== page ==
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How the Windjammers fans at Dotemu got their chance to make a sequel

A knack for 1990s cult hits comes from devs’ love of the classics

the playing area of Windjammers 2, showing a player’s ultimate throw changing directions on their opponent Image: Dotemu

This was always the plan, Dotemu’s Cyrille Imbert said. The French studio, known for its restorations and remasterings of several 1990s hits, spent the past decade earning a reputation for carefully and respectfully handling other companies’ properties. Now, Dotemu’s developers are getting the dream assignments they wanted all along: make all-new sequels for things they loved as kids themselves.

The process has culminated, again, in Windjammers 2, Dotemu’s wholly original sequel to the 1990 Pong-meets-beach-volleyball classic, which launched last week for Google Stadia, Nintendo Switch, PlayStation 4, Windows PC, and Xbox One. (It’s also available on Xbox Game Pass.) Imbert’s studio remastered the original in 2017 for PlayStation 4 and Nintendo Switch after hunting down the rights owner — Paon DP, which bought Windjammers and other Data East franchises out of that company’s liquidation.

“I went to Japan with a pitch, but with the idea of doing both,” Imbert said. “First, a remaster, to relaunch the hype around the game, make it known again. And then, once we reached that goal […] we could launch a sequel, because it just makes sense; there never has been a sequel from the original [Windjammers], and there are so many things that can be improved, and worked on, that weren’t present.”

The same two-stage, long game approach to getting their hands on others’ IP has paid off in three other highly visible projects Dotemu has developed and/or published. The approval for 2020’s highly successful Street of Rage 4 grew out of a 2017 remake of Wonder Boy 3: The Dragon’s Trap, a 1989 game for the Sega Master System. Metal Slug Tactics, coming sometime this year, is an all-original follow-up to four re-releases of SNK’s Metal Slug series on modern platforms between 2012 and 2013.

Overhead shot of the playing area in Windjammers 2, with a disc lobbed high in the air
Lob shots are a new tactic in Windjammers 2, but they can also set up your opponent for a big spike.
Image: Dotemu

Teenage Mutant Ninja Turtles: Shredder’s Revenge, developed by Tribute Games, is also coming this year to Nintendo Switch and Windows PC. Nickelodeon came knocking after Wonder Boy: The Dragon’s Trap panned out successfully for both Sega and Dotemu. Shredder’s Revenge is an all-new side-scrolling brawler, timelessly picking up where Konami’s beat-’em-ups left off almost 20 years ago.

Windjammers 2, though, seems to be a genuine labor of love. Nothing would have prevented Dotemu from deriving its own brand of disc volleyball under another name. It probably would have been easier than tracking down not only the rights holders, but also consulting with the original developers, and even roping in the first game’s composers to update the chiptune soundtrack with real instruments.

Imbert rejected a Windjammers knock-off for a simple reason: “It wouldn’t be Windjammers,” he said. “We were so attached to the original game. There was this … this … this need of working on that license, in particular, because everything was so cool about it.”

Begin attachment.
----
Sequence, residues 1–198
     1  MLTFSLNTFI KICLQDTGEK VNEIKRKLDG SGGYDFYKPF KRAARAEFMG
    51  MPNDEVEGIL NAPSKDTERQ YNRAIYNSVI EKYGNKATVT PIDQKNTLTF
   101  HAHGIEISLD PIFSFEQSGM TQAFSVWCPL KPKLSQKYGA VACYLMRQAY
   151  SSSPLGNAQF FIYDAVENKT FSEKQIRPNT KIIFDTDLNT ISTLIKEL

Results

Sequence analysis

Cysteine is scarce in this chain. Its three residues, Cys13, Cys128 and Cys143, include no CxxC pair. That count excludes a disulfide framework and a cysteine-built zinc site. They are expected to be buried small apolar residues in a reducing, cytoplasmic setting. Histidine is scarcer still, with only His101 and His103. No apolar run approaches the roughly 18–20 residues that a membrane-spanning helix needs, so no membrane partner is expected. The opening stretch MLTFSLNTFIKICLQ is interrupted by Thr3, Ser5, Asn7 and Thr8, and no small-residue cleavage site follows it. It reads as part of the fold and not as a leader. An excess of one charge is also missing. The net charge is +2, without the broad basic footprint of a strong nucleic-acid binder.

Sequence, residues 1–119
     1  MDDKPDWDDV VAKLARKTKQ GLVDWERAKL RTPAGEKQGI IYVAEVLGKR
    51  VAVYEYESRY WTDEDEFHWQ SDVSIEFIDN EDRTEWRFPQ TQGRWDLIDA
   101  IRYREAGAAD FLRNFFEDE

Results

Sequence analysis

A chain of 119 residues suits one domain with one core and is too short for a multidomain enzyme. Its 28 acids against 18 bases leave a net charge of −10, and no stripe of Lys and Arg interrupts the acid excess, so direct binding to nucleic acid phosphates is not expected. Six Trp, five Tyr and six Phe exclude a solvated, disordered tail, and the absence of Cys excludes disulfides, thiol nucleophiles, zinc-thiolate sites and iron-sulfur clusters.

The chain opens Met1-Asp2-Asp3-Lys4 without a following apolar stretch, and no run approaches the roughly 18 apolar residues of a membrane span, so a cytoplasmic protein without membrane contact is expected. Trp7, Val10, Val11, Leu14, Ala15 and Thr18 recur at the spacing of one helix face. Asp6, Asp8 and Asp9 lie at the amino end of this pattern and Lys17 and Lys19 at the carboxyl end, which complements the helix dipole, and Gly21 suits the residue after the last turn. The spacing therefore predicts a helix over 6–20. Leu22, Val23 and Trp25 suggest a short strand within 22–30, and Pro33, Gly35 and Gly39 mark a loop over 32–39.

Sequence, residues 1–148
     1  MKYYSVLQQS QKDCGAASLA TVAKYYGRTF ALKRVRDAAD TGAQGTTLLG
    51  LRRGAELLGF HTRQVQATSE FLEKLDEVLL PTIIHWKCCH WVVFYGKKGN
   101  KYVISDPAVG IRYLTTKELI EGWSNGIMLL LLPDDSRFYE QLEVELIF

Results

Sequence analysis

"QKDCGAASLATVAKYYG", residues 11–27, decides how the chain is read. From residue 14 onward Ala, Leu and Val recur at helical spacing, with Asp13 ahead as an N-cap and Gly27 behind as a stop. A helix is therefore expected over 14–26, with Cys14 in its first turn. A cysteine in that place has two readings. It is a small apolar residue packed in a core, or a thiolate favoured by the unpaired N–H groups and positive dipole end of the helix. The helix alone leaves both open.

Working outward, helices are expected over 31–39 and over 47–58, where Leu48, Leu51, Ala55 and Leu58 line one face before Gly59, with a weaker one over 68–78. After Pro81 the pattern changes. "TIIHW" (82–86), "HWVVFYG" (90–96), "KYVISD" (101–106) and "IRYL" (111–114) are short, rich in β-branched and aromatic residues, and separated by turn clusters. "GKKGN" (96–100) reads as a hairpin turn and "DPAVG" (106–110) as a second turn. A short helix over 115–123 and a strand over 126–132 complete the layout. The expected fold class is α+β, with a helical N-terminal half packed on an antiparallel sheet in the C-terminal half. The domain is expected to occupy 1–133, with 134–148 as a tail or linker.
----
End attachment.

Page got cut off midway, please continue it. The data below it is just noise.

It makes sense. Windjammers’ gameplay concept is solid but simple, leaving it to a Jock Jams 1990s aesthetic — hand-drawn, comic book visuals with pastel colors and halftone screening — to make the game memorable. Again, Dotemu could have copied these themes, but there’s no way the work would have had as much creative conviction as a fully licensed sequel, Imbert reasoned.

“Doing something that will look and feel exactly the same, but will not be Windjammers, would feel [like] kind of a treason, you know, for the people who worked on the game back in the day,” Imbert said.

Windjammers 2 continues its predecessor’s subtle blending of fighting game tactics applied to a sport, with new shot types and stage effects to update and differentiate the gameplay. Players now have access to lob shots, curve shots, and other power moves to deceive their opponents and run them across the court. They can also leap into the air for a kind of spike-shot, forcing their opposition into split-second reactions and mistakes that follow.

“When you look at the true players of the original Windjammers now, they have mastered the game so well that it’s almost paper, rock, scissors,” Imbert said. “They know exactly what they’re going to do, and it’s more about endurance. But if you add more and more depth, give them more strategies and strategic choices, it’s like reshuffling the cards for everyone. You know, the pro players, but also the completely new incoming players, who want to practice more and explore those new rules to create completely new tactics and strategies.”

Dotemu even went searching for — and found — Seiichi Hamada, a still-performing bassist who worked on the original game’s soundtrack almost 30 years ago. They collaborated with Hamada and Harumi Fujita on the original soundtrack for Windjammers 2, whose synthesizer and slapping bass do as much to communicate the game’s Neo Geo bonafides as the visuals.

“We don’t need to ask ourselves too many questions,” Imbert said. “The core aspect of every game that we’ve been bringing back is the same, because that’s what we want to see. We don’t want to see something that completely changes it, either.”

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